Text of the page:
On the failure of central clearing counterparties

December 4, 2017
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In the Global Crisis, counterparty risk caused severe market stress. During 2007, the perception that default risk on asset-backed securities was increasing caused a dramatic increase in haircuts on the repurchase agreements that were collateralised with these securities (Gorton and Metrick 2012, Copeland, Martin and Walker 2014, Krishnamurthy et al. 2014). The re-pricing of risk made it harder for many financial intermediaries to roll over their debt. After the failure of Lehman Brothers in 2008 and the near-failure of AIG, counterparty risk was also a major concern in derivatives markets. Both had been counterparties on several trillion of dollars of trades in CDS and other swaps.

The regulatory agenda worldwide has since attempted to prevent market breakdowns due to counterparty risk. In 2009, at the G20 Pittsburgh summit, public authorities mandated the use of central clearing counterparties (CCPs) for standardised financial derivatives (Duffie et al. 2015). CCPs are designed to insulate investors against the risk that their counterparties default.

What is a central clearing counterparty?

Between 2007 and 2008, most derivatives trades were agreed over the counter, and settled bilaterally. The introduction of a CCP radically changed the structure of markets. Specifically, after a trade was agreed, a CCP interposed itself between the two parties and became a buyer to the seller, and a seller to the buyer. The two parties were therefore no longer exposed to each other, but only to the CCP. Provided that the CCP had a negligible probability of default, counterparty risk should no longer be a concern, and markets could function smoothly.

Figure 1 shows the radical shift in the structure of financial markets as a result of central clearing. The left-hand panel shows a bilateral network of exposures. The right-hand panel shows the same network after a CCP (the red node) has been introduced. CCPs substitute for buyers and sellers, and therefore know all exposures market-wide. Because they are exposed to the risk of failure of each investor, CCPs evaluate their default risk and call margins (collateral) to cover that risk. Information aggregation, together with the collection of margins, should reduce the risk that markets break down.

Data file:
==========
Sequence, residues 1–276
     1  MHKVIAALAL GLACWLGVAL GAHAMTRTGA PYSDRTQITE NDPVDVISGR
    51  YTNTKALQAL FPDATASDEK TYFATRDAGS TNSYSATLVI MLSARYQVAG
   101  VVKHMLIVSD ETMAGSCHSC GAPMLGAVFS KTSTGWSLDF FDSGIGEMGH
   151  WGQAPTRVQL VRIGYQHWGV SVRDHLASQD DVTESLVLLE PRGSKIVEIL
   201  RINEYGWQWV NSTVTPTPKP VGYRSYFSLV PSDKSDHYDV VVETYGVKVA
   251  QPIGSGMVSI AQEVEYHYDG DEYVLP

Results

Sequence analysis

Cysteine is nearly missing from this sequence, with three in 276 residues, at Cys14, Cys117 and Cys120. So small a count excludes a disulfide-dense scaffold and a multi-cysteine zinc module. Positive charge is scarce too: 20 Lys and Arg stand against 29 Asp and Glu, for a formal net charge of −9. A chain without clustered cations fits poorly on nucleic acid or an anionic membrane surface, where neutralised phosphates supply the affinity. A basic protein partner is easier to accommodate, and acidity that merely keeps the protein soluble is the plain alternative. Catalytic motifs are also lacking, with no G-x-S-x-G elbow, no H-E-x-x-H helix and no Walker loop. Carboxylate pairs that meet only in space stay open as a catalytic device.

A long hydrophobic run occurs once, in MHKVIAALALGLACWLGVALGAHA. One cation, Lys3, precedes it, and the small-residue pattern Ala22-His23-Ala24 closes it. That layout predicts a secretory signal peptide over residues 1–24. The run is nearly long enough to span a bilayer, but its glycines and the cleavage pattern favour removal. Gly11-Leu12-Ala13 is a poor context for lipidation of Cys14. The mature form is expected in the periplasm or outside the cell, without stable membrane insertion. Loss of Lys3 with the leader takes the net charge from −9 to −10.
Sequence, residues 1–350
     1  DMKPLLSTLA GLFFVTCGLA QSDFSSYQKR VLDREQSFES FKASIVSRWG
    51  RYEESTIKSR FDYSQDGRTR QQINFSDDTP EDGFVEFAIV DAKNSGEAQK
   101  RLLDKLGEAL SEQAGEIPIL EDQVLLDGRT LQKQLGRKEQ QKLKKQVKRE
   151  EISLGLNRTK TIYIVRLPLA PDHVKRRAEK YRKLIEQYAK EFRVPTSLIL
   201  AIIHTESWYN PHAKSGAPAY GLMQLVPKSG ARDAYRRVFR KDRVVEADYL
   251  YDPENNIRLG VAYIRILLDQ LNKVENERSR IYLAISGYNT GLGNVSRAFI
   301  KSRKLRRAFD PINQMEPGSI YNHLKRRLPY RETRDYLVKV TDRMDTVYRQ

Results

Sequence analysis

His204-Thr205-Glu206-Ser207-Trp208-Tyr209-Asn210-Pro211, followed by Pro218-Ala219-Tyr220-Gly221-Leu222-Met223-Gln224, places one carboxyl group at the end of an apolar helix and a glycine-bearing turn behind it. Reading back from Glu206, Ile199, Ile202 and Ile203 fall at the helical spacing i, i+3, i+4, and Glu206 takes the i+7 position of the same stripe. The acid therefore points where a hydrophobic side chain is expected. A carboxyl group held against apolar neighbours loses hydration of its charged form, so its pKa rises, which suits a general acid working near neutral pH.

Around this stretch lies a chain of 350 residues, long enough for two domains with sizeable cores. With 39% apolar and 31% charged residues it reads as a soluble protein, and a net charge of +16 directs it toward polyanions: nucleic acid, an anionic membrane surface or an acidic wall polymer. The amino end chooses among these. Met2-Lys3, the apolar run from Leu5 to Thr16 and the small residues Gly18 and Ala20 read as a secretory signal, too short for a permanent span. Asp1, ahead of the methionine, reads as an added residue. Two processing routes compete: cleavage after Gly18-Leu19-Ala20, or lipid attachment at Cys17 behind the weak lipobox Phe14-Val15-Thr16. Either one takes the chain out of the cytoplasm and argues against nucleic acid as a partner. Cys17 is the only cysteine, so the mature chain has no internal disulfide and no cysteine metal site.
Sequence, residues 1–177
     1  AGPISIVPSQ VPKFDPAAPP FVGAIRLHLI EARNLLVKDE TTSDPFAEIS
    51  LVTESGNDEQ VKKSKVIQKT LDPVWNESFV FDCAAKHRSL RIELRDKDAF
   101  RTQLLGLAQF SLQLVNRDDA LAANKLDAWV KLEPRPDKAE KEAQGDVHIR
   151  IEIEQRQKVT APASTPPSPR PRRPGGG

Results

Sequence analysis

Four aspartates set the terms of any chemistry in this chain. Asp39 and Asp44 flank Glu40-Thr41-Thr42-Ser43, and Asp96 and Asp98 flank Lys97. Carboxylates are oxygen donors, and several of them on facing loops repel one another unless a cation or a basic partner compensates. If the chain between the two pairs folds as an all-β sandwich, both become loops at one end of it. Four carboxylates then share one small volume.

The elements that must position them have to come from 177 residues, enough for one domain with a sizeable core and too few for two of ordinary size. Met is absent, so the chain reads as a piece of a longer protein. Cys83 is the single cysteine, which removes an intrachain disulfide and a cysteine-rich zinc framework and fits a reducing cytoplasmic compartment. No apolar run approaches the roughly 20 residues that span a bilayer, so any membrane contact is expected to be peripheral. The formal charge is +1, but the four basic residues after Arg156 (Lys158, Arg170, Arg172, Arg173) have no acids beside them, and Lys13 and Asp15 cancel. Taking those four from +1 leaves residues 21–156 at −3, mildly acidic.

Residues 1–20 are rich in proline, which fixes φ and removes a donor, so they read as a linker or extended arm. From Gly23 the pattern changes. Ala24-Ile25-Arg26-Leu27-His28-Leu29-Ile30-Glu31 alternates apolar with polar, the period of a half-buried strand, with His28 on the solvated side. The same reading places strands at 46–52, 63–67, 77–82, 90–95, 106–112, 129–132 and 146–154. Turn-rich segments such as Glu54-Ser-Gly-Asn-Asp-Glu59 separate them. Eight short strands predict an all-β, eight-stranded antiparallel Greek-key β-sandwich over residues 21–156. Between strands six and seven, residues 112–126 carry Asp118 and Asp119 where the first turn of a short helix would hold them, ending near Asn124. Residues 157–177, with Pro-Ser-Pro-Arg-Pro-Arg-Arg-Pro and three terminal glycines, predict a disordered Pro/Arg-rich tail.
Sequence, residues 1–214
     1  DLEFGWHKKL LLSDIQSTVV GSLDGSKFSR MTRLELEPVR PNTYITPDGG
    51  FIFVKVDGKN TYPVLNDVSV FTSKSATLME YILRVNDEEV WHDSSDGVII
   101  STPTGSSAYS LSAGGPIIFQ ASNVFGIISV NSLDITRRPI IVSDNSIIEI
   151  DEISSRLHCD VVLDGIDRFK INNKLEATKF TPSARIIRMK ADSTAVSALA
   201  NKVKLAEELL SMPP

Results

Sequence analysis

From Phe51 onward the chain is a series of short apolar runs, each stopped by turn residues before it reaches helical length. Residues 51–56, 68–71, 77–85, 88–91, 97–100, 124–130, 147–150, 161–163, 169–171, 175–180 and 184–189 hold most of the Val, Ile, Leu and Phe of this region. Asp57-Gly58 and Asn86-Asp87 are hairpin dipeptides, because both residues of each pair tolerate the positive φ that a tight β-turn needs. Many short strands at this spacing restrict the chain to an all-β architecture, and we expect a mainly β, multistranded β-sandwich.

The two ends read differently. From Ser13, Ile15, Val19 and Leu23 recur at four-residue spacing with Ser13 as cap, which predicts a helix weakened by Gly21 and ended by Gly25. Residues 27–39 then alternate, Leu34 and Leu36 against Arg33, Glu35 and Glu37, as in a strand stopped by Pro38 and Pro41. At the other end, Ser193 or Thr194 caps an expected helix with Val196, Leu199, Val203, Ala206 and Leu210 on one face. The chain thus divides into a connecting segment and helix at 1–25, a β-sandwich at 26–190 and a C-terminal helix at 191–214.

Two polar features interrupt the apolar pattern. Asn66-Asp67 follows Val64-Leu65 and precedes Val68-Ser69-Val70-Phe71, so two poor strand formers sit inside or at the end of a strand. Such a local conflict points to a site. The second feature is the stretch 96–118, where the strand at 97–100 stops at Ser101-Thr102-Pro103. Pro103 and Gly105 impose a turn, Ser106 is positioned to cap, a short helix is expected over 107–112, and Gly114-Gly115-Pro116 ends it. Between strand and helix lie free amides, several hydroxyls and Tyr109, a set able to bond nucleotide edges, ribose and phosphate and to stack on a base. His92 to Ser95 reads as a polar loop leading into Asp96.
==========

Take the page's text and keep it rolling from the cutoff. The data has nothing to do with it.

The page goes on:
Figure 1 Bilateral clearing (left panel) versus central clearing (right panel) (the red node represents the CCP)

Thanks to regulatory changes, more than 70% of derivatives are now centrally cleared worldwide. A side effect has been that CCPs are now becoming ‘too important to fail’ financial intermediaries (Tucker 2013, Duffie 2015, Coeuré 2015). For example, a CCP such as LCH in London is clearing several hundreds of trillions of dollars of interest rate swaps at any time. While CCPs increase financial stability, they also create the risk that the CCP itself could fail, with dramatic effects for financial stability. It is therefore critical to design CCPs that cannot fail.

When do CCPs fail?

In a recent paper (Bignon and Vuillemey 2017), we provide the first detailed quantitative analysis of the failure of a CCP. Using archive data, we study the failure of the Caisse de Liquidation des Affaires en Marchandises (CLAM) in Paris in 1974. The CLAM was the only clearing house in the Paris Commodity Exchange, a market most active for sugar futures. Between 1973 and 1974, a six-fold increase in global sugar prices (see Figure 2) spurred trading.  Sugar prices collapsed in November 1974. Margins calls mean that the largest clearing member, and ultimately the CCP, failed.